I received my bachelor’s degree in Ecology and Evolutionary Biology from Cornell University with a specialization in Marine Biology. Dr. Charles Greene and Dr. Bruce Monger of the Geology Department, now the more aptly-named “Earth and Atmospheric Sciences” Department, advised my research project which used IDL programs to analyze ocean color data derived from the NASA SeaWIFS satellite. The research tracked the start of spring phytoplankton bloom events in the North Atlantic.
After graduating I worked on two projects with Dr. Mark Bain at the, now closed, Center for the Environment at Cornell University. The first project studied the biocomplexity of Lake Ontario and its tributary rivers and bays. When the field season for that project came to an end I moved to a position on a project analyzing the estuarine environment along the eastern Hudson River, south of the George Washington Bridge. We spent many weeks aboard the R/V Acipenser, dodging ice flows and piling fields trying to ascertain the health of inter-pier communities that had been damaged by dredging. This was balanced by lots of time in the warm lab; huddled over a microscope, identifying invertebrates to species, often by their number of sex organs. I then spent two field seasons working under Dr. Roy Stein at the Aquatic Ecology Laboratory at Ohio State University as the head technician on a walleye parental influence study on Lake Erie.
Over the years I have also been involved in oceanographic work, beginning as a hydrographer on the last Western Atlantic GLOBEC broad scale survey for NOAA with Dr. Peter Wiebe as Chief Scientist, aboard the now retired (and very seasickness inducing) Albatross IV out of Woods Hole, MA. I also served as the Chief Hydrographer on a Woods Hole Oceanographic Institution cruise from Newfoundland to Greenland and then to Iceland. My job just before joining the BU PhD program was as a Research Associate in the Physical Oceanography Department at WHOI. There most of my time was spent on the ARGO Float network and the remotely operated SPRAY Gliders. One of the greatest perks of this job was getting to launch and recover the gliders from a variety of vessels like the Sea Education Association’s sailing vessel SSV Corwith Cramer, commercial fishing boats like the MV Moreau out of New Bedford, and the Bermuda Institute of Ocean Sciences’ RV Henry M. Stommel and RV Weatherbird II, including one cruise on the latter as Chief Scientist.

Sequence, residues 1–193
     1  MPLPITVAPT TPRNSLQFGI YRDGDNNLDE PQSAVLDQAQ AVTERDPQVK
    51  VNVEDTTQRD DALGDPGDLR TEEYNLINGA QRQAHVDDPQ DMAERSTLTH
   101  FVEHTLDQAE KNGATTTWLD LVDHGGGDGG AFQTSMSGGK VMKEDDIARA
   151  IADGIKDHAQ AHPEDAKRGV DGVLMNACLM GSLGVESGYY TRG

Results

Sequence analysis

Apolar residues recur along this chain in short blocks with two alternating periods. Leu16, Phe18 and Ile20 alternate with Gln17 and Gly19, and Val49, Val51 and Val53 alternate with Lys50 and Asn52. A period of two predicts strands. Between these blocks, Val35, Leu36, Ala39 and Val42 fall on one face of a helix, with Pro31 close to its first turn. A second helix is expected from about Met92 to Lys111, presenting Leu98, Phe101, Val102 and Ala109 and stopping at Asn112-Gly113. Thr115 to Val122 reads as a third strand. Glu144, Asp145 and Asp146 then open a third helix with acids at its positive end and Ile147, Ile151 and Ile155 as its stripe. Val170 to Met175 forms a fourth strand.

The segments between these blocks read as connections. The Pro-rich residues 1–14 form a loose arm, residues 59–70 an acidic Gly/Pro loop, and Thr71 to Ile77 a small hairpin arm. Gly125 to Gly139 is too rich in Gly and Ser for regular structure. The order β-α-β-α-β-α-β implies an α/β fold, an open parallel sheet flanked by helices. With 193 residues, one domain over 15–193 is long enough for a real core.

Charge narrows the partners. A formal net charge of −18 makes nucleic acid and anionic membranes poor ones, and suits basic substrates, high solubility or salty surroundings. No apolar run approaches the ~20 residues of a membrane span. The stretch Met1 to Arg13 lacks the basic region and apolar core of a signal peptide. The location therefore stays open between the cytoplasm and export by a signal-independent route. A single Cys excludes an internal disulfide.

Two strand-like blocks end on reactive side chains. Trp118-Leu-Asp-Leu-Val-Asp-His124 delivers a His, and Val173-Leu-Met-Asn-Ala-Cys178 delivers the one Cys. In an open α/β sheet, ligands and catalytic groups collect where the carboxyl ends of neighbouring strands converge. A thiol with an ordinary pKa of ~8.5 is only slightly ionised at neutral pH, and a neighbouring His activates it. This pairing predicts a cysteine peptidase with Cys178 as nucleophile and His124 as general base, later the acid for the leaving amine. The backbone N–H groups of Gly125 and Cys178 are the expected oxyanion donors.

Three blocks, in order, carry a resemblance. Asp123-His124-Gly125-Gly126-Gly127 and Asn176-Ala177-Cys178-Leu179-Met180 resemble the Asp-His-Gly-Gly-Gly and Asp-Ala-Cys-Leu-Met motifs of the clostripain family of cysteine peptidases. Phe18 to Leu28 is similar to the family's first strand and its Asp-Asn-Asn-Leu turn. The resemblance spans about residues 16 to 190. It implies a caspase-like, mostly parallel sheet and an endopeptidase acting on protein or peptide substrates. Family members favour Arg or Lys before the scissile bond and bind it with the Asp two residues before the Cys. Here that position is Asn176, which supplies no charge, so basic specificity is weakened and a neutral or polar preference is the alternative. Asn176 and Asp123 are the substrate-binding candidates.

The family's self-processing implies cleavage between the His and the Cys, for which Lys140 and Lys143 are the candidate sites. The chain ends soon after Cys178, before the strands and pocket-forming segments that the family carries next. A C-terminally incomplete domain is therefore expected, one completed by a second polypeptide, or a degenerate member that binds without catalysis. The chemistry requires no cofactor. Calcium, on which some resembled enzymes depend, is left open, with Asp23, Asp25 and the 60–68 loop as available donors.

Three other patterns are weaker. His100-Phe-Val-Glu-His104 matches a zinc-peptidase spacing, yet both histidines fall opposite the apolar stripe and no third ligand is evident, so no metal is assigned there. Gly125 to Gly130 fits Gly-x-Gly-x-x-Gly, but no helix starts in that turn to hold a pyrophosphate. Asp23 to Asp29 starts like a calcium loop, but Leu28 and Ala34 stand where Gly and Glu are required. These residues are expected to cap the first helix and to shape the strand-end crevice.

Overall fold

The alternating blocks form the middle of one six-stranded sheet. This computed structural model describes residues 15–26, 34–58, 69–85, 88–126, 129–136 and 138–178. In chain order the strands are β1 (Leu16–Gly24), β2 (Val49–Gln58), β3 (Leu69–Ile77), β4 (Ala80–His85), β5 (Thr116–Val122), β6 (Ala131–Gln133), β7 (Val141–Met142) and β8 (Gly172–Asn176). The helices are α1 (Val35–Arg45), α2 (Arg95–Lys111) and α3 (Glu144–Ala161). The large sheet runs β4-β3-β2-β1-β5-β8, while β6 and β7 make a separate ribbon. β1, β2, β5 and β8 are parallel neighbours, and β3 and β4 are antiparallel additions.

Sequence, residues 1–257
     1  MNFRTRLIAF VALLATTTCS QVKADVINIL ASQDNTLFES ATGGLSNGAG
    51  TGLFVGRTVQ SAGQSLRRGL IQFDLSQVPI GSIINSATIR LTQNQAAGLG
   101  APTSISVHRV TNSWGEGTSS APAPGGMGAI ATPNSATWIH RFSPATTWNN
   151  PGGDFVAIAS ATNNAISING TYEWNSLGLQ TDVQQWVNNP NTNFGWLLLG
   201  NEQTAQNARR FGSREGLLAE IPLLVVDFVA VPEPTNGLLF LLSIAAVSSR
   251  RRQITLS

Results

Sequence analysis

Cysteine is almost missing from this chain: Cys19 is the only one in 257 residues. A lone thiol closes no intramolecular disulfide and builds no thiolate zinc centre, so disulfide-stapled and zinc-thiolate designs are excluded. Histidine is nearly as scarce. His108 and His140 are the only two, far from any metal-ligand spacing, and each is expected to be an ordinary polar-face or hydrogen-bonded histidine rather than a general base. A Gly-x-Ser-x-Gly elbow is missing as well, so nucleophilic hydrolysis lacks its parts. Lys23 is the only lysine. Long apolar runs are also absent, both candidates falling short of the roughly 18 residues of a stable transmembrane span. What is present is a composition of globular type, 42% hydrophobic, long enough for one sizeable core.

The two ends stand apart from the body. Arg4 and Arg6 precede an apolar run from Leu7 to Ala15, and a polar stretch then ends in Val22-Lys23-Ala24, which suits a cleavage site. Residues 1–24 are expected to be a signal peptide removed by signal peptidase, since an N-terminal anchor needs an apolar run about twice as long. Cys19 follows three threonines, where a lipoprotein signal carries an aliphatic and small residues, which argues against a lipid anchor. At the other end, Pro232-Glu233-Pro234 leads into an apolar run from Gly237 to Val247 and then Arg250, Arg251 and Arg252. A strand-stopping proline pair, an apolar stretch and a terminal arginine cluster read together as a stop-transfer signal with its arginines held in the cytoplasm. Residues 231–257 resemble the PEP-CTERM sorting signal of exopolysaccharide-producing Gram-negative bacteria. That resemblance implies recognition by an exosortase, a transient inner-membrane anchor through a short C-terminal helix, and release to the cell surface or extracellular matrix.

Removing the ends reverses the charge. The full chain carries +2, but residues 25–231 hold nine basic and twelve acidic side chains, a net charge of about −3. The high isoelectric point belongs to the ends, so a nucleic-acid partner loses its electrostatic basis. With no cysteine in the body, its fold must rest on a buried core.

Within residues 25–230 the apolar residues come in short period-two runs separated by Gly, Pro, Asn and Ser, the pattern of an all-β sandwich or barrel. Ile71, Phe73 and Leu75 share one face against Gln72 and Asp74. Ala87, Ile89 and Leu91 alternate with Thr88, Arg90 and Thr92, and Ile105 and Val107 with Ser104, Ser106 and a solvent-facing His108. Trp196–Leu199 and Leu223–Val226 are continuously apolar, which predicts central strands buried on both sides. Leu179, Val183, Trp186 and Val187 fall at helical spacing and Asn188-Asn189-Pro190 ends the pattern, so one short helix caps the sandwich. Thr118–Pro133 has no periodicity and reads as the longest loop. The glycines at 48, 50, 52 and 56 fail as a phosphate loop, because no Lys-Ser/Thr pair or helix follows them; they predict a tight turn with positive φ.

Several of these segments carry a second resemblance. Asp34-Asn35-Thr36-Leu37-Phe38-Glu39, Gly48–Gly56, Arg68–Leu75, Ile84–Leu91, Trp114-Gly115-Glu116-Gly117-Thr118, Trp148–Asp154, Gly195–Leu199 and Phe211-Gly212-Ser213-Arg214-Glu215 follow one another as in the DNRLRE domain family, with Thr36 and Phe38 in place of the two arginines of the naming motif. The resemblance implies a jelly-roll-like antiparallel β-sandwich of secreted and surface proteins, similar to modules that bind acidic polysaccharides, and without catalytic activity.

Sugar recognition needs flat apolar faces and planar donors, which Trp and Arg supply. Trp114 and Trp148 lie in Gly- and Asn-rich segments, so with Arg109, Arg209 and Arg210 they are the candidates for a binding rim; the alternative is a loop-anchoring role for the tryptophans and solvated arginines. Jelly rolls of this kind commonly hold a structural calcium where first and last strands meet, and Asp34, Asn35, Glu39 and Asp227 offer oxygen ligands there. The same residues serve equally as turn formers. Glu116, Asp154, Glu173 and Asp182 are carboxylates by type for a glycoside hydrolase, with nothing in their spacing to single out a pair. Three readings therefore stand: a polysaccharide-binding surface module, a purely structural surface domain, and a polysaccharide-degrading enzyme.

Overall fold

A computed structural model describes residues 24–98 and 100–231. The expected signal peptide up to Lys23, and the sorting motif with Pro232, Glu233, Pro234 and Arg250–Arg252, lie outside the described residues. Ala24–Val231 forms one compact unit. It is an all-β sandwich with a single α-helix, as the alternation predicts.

I am member of Dr. Les Kaufman’s lab where I am analyzing the long-term dynamics of marine ecosystems in the Northwest Atlantic. Central to my research are the exploitation and conservation of two species; the Atlantic Cod (Gadus Morhua), a species fished in the region for hundreds of years, long before permanent European settlement; and the Atlantic Bluefin Tuna (Thunnus Thynnus), a fish that is principally flash frozen, shipped around the world, and consumed as sushi in Japan. My project however looks at more than just these two focal species and takes a more holistic approach to studying the region. I am trying to bridge the gap between basic science and the decisions that affect conservation and policy. My hope is that my research will in some small way contribute to the creation of Ecosystem Based Fishery Management and Marine Spatial Planning for the area.
Since joining BU I have also served as Vice-President and President of the Biology Graduate Student Association (BGSA), a great organization that brings together all of the disciplines under the Biology Department “umbrella,” allowing the sharing of research and ideas and fostering a sense of community. Last year I was a GLACIER (Global Change Initiative, Education, and Research) GK-12 fellow placed at the Graham and Parks K-8 School in Cambridge, MA. For the 2011-2012 school year where I will again be a GK-12 fellow, this year in a fifth grade classroom at the Lawrence School in Brookline, MA.